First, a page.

Pinot Noir: A Love Affair for the Ages
By Iris Rowlee
People love Pinot Noir; so much so that it was the first fruit crop to ever have its genome mapped, so much so that there is an international holiday on August 18th just to celebrate it’s very existence. A grape that is thought to be Pinot Noir was referenced in writing in the first century A.D., around the time Romans introduced the idea of viticulture to modern day France, making humans' relationship with it is as old as modern history.
There are thousands of varieties of Vitis vinifera wine grapes. Pinot Noir is one of the oldest and most prolific great granddaddies of the whole lot. Just for reference, Cabernet Sauvignon is 1000 years younger. The list of Pinot Noir’s successful and beloved progeny is so great that the family tree stemming from it can be mind boggling and surprising but we’ll get into that more later. Rather than having domesticated wine grape parents itself, Pinot Noir is thought to be a descendant of the ancient wild vine, Vitis sylvestris.
Pinot Noir, like many grape names, makes reference to its visual appearance in the vineyard. Pinot comes from the french word pin for pine, referencing its pine cone shaped, small, tightly clustered grape bunches and Noir, meaning black and thus referencing a dark, red grape variety. It’s skin is very thin, contributing to it’s delicate nature and signature translucent ruby hue. Higher acid and lower tannin, it’s signature red fruit and particular balance of floral, spice and earth notes often make it an easy ID in blind tastings, no matter where it’s from in the world. Pinot Noir has a great ability to clearly convey each unique environment it’s planted in, aromas of it’s terrior coming through in the wine, while still maintaining a true expression of its spunky personality.
Indigenous to Burgundy, France, it’s now grown the world over, with excellent expressions found in far reaching lands like New Zealand and Chile. The greatest majority of Pinot Noir is still grown in France, followed very closely in acreage by the US, and third by Germany, where it’s called Spätburgunder. Preferring a long, cool growing season, it does well in areas with protective valleys or climate tempering water nearby. Nicknamed the heartbreak grape for how difficult it is to successfully grow, the fact that it is the 10th most planted grape in the world shows humanity’s dedication to it.
Napa Valley winemaking pioneer Andre Tchelistcheff, nicknamed the “dean of American winemakers” once famously said that, "God made Cabernet Sauvignon whereas the devil made Pinot Noir”. Cabernet’s reputation in the vineyard is as hardy and pretty easy going, whereas Pinot is delicate and prone to problems. It is very sensitive to its surrounding climate, vulnerable due to early budding and ripening, susceptible to virus and disease and therefore prone to genetic mutation. It is from this genetic variance that a great bounty was born unto us (us being the vinophiles) and many say that it’s genetic diversity is what can be attributed to it having a much longer and more prolific history as a cultivated vine than other varieties. Let me explain.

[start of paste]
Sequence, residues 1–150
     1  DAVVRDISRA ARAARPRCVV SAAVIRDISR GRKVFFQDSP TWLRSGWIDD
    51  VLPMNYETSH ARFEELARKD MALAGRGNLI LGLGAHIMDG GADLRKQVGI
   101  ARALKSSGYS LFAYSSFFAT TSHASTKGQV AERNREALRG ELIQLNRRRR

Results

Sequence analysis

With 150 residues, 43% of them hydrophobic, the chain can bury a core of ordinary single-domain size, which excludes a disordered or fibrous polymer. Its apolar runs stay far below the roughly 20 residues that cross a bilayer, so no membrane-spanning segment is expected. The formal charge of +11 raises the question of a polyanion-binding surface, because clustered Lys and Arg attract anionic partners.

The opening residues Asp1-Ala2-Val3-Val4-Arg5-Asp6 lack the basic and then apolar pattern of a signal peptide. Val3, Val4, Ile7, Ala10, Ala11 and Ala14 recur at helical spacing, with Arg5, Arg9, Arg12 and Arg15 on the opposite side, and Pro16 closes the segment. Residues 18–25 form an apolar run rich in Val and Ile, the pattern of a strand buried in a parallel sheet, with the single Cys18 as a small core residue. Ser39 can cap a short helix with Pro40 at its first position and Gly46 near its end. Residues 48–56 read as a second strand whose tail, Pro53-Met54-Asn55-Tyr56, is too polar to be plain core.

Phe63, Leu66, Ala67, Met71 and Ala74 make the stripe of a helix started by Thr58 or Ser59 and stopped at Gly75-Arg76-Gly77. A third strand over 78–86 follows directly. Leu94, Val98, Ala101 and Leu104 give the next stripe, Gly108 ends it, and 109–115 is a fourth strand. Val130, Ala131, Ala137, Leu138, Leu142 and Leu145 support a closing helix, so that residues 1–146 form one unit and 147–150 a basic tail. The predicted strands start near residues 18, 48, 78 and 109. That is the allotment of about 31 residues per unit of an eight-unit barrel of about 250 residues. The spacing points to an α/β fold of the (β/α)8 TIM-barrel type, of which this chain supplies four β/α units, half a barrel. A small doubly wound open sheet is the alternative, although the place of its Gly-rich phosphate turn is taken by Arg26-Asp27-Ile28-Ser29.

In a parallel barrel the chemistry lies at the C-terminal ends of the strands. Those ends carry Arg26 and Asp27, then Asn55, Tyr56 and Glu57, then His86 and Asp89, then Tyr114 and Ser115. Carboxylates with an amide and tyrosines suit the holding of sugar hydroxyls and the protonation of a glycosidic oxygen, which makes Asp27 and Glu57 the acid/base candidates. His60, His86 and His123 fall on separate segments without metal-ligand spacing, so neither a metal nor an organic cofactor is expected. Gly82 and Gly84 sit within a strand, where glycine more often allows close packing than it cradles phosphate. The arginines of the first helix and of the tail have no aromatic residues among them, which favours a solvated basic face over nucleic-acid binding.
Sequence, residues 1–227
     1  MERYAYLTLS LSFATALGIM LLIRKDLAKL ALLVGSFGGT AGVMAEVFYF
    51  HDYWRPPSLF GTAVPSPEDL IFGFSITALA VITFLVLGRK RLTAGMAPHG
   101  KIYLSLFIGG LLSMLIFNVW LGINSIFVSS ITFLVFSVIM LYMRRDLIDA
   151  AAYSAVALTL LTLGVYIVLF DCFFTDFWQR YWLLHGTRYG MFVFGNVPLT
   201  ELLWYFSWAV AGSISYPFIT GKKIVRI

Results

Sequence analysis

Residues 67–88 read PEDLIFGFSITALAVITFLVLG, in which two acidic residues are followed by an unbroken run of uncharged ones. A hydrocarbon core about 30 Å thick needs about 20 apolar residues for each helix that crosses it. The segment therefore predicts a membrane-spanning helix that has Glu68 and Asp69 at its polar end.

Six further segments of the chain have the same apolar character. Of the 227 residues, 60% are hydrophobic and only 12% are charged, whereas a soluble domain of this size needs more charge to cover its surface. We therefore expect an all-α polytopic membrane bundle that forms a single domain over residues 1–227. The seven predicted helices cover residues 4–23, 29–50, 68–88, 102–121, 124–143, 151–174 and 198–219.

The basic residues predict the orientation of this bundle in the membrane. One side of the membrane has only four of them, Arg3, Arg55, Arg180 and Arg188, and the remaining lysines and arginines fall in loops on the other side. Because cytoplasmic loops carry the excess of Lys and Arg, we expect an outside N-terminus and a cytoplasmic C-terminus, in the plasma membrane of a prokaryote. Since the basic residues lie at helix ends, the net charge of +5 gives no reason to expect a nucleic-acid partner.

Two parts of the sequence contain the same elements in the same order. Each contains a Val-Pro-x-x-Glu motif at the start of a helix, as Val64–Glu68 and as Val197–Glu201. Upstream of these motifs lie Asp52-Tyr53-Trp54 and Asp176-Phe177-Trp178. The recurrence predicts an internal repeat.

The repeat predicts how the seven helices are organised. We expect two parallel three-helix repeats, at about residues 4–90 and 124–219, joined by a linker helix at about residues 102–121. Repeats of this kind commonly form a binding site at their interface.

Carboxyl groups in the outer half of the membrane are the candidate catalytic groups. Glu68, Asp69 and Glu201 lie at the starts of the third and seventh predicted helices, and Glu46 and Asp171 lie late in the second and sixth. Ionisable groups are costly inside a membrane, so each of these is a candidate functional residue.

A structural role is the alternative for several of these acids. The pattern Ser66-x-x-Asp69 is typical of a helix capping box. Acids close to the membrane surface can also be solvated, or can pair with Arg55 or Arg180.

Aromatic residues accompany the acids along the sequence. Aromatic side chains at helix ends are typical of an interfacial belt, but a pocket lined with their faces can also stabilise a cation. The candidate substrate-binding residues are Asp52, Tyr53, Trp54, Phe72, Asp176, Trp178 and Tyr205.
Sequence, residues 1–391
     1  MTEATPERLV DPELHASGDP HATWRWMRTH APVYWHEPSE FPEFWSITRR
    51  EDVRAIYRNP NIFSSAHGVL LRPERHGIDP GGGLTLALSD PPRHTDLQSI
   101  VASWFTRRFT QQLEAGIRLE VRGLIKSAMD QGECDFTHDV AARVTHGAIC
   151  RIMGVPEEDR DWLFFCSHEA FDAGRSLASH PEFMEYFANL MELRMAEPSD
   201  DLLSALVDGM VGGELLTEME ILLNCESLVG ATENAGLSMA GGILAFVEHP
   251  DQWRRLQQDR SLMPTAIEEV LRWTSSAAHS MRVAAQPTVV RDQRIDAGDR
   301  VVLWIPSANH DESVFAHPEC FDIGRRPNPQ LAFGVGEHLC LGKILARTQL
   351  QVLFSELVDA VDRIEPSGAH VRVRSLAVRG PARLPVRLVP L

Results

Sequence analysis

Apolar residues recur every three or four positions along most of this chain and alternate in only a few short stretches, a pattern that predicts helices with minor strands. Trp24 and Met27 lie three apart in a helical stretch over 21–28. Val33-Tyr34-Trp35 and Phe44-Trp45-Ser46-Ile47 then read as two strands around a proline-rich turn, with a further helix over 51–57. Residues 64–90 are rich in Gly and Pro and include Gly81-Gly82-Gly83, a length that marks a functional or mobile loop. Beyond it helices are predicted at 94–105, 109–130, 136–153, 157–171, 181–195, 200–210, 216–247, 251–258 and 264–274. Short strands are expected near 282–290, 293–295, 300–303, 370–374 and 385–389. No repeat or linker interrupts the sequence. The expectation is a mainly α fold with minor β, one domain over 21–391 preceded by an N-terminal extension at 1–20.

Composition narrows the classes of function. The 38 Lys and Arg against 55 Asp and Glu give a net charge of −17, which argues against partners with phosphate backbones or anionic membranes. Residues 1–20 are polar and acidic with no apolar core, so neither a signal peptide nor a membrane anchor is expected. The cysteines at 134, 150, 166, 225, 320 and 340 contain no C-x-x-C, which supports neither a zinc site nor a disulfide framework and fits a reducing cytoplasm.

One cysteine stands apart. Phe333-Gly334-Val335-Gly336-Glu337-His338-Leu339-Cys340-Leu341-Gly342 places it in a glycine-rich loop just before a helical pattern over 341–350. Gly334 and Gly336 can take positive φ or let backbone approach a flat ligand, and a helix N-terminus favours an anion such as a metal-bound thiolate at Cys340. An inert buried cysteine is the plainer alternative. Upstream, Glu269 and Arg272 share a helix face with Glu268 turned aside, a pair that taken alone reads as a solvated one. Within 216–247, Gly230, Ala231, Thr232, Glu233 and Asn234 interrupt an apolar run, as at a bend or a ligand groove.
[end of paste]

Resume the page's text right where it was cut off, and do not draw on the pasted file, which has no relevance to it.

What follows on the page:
First of all, the grape varieties Pinot Blanc and Pinot Gris have the same basic genetic identity as Pinot Noir; they are simply genetic color mutations that occurred over time and came into their own personalities. Along these lines, Pinot Meunier is derived from a chimeric mutation of Pinot Noir (which could be a whole conversation unto its own for another day).
Secondly, there was a powerful unsung love story of a prince and a commoner in the Middle Ages in France that led to great prosperity. Pinot Noir, the grape darling of the nobility of the time, was tended with great pomp by the church in walled off sub zones, or clos. Gouais Blanc, also an ancient variety, and a very productive and vigorous vine revered by the masses, was plentifully planted at the time, often in very close proximity to Pinot. Eventually, as nature would have it, sparks, or shall we say pollen, flew, and natural crossings of the two made them the proud parents of many a variety we know and love today, the most notable offspring being Chardonnay, Aligote, and Gamay. Did anyone else just have the thought creep into their mind that there would be no Champagne without Pinot? Oh my!
Now let's take a little time to discuss Pinot Noir’s native habitat and some of the noteworthy places it calls home around the world, with thoughts on palate typicity and a recommended wine of the region.